Cienega Creek flows have been decreasing since 2001, based on seasonal mapping of wetted stream lengths by Pima County Association of Governments (PAG). Groundwater and surface water in the Cienega Creek watershed and Davidson Canyon sub-watershed may be at a further threat due to increased groundwater use due to land development, surface water diversions, and decreased recharge related to climate change. Understanding the source of water supporting stream flows, the nature of surface water-groundwater interactions, and the location, seasonality, and residence time of groundwater is critical for natural resource management in the region. Since 2014, the Pima County Regional Flood Control District has contracted with researchers at the University of Arizona to do comprehensive studies of groundwater, surface water and precipitation water chemistry throughout lower Cienega Creek and Davidson Canyon watersheds. Reports and project posters are listed below:

Groundwater monitoring on Empirita Ranch

The quality of surface water within the Preserve is consistently better than state water quality standards.  Designation of the perennial portions of Cienega Creek and Davidson Canyon as “Outstanding Waters of Arizona” was based, in part, on the high quality of surface water.

Pantano Dam Near Cienega Creek/Davidson Canyon Confluence



Outstanding Waters

Monitoring Plans


Other Information


Riparian Habitat along Cienega CreekTwo features of the Preserve that first stand out are (1) the great diversity of plant associations observed over a relatively small geographic area and (2) the presence of riparian vegetation.  The Preserve is located within a transitional zone between the Sonoran Desert and the Chihuahuan Desert.  As such, nine distinct plant associations ranging from desert grass and scrublands to subtropical riparian forests occur within its boundaries.  The occurrence of perennial and intermittent stream flow has helped to establish lush riparian vegetation along Cienega Creek and some of its principal tributaries.

Fremont Cottonwood at Cienega CreekApproximately 75% of Arizona’s wildlife species depend on riparian areas for all or part of their life cycle.  However, riparian areas currently cover less than 1% of Arizona’s total land base.  Over the past 100 years, many riparian areas in Arizona have been lost or highly degraded due to overgrazing, groundwater pumping, farming, water diversion, mining and the expansion of commercial, residential and industrial land uses.  As a result, Cienega Creek is one of the few remaining examples of a desert riparian community.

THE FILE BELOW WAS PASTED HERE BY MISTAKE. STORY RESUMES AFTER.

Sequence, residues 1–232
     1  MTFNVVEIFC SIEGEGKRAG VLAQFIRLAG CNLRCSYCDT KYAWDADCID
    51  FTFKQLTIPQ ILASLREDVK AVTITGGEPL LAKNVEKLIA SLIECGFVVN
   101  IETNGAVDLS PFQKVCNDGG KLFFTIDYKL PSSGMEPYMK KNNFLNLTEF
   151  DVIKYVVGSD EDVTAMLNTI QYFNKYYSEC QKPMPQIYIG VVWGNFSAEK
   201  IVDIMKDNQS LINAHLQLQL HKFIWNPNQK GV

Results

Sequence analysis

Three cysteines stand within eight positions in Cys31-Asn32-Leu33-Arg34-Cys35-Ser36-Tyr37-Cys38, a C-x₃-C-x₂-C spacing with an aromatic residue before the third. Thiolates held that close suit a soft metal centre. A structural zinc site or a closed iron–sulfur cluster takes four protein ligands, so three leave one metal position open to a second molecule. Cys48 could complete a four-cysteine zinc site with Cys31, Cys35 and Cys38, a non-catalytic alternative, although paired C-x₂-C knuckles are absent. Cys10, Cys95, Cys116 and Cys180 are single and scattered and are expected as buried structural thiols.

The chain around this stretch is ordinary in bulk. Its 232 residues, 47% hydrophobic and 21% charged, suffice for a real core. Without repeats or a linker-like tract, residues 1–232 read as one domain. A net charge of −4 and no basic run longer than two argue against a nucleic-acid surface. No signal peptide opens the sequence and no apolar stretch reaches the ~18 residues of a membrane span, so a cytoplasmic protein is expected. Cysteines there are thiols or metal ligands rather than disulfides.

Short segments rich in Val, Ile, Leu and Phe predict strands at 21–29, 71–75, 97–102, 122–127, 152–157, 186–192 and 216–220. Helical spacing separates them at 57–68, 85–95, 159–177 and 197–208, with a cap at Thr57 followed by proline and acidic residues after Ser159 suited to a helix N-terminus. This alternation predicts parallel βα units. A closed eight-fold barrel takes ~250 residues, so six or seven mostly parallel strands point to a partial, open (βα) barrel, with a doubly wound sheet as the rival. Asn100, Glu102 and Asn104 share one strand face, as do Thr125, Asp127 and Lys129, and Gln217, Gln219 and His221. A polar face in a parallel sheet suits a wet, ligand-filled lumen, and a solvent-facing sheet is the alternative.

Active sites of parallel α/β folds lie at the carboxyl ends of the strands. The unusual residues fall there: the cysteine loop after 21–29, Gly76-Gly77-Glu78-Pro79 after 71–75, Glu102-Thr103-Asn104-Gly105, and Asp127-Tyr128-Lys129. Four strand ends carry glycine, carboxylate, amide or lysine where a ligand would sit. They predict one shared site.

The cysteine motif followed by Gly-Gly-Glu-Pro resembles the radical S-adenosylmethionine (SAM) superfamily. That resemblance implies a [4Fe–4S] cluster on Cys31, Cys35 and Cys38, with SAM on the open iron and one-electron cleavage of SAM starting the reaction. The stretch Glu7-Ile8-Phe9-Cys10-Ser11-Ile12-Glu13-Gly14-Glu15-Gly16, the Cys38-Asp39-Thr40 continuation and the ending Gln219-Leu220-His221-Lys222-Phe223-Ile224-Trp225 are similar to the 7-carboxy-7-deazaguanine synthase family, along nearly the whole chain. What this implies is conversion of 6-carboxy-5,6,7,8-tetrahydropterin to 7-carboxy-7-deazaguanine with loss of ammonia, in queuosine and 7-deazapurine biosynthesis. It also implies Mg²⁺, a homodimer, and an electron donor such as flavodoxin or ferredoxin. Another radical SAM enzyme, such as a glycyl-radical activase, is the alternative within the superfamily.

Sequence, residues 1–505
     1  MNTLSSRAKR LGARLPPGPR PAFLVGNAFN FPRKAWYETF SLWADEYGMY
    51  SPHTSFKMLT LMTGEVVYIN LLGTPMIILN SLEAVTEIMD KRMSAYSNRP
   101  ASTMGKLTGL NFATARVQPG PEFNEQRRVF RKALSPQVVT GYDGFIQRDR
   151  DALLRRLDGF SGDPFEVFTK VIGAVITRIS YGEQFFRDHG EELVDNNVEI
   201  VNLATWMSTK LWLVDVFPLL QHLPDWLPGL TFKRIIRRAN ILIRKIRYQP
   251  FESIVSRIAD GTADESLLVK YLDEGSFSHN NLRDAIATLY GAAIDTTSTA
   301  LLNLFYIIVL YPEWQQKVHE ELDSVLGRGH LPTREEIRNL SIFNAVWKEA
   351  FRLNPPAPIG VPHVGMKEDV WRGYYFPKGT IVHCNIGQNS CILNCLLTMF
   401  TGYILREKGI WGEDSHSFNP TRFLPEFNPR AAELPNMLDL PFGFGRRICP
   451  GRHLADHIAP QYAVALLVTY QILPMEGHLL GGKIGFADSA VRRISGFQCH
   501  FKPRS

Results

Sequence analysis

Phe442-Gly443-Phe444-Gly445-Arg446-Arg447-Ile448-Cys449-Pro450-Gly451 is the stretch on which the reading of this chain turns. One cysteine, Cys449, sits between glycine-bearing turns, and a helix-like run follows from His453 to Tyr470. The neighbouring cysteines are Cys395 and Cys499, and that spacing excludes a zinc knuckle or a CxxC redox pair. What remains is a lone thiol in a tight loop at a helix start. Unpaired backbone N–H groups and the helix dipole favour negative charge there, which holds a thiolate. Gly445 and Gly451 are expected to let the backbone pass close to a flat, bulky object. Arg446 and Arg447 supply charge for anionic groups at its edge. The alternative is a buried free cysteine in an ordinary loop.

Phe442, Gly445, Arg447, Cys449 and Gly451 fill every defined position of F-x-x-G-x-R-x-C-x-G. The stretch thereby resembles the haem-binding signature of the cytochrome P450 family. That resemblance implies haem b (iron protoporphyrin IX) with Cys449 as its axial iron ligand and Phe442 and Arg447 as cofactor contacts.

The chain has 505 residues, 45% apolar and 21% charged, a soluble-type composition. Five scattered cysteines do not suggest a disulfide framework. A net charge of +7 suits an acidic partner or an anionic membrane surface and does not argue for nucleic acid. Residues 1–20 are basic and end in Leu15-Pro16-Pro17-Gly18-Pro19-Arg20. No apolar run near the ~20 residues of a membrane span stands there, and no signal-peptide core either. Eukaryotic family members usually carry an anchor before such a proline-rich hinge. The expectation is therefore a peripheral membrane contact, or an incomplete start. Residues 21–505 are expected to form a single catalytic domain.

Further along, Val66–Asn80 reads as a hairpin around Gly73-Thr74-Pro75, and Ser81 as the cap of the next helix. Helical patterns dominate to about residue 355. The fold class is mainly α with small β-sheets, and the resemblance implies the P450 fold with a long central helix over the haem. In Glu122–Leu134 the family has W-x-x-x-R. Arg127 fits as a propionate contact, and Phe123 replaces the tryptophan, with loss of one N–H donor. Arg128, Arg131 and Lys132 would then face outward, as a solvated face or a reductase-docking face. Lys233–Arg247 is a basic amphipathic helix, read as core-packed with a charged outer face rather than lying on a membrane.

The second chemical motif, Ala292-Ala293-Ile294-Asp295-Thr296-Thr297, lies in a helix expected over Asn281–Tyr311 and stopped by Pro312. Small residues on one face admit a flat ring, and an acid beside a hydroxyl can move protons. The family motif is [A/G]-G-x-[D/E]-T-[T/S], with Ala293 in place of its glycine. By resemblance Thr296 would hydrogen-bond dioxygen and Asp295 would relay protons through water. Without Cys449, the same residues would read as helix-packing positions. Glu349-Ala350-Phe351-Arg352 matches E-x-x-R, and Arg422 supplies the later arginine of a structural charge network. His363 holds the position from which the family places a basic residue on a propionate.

Cienega Creek Land Cover Mapping mapThe trees and plants found along Cienega Creek are important to the stability of the riparian community because they slow down water velocities and protect stream banks from erosion.  They also provide food, cover and breeding habitat for a variety of wildlife species.



Land Cover Map
Plant Communities
Special Status Plant Species

Vegetation Studies

Preliminary Flora of the Pantano Formation, Claystone Member Deposits
Huachuca Water Umbell Report

Revegetation Projects

Pantano Jungle Restoration
Revegetating Abandoned Farmland in the Cienega Creek Natural Preserve

Invasive Species

Buffelgrass Populations Map
Non-Native Plant Species Study

Aquatic vegetation Saguaro cacti Aerial Photo near Pantano Dam


Desert tortoiseHabitats along Cienega Creek support over 280 native species of mammals, birds, reptiles, amphibians, fish and insects that either reside in or frequently visit the Preserve.  This includes over 150 species of birds.  The Preserve is especially important to neo-tropical migratory birds, which seasonally utilize the area for nesting.  The presence of perennial stream flow supports native frog and fish populations that are found very infrequently in the desert environment.

Black hawkHigh vegetation density, available cover and linear configuration make Cienega Creek and its principal tributaries excellent corridors for wildlife movement between the larger protected areas of the Coronado National Forest and Empire-Cienega National Conservation Area. Protection of these resources is important to offset the fragmentation of the landscape that is occurring through urban development (i.e., housing, roads, railroad, interstate highway) and to maintain precious links in the natural landscape.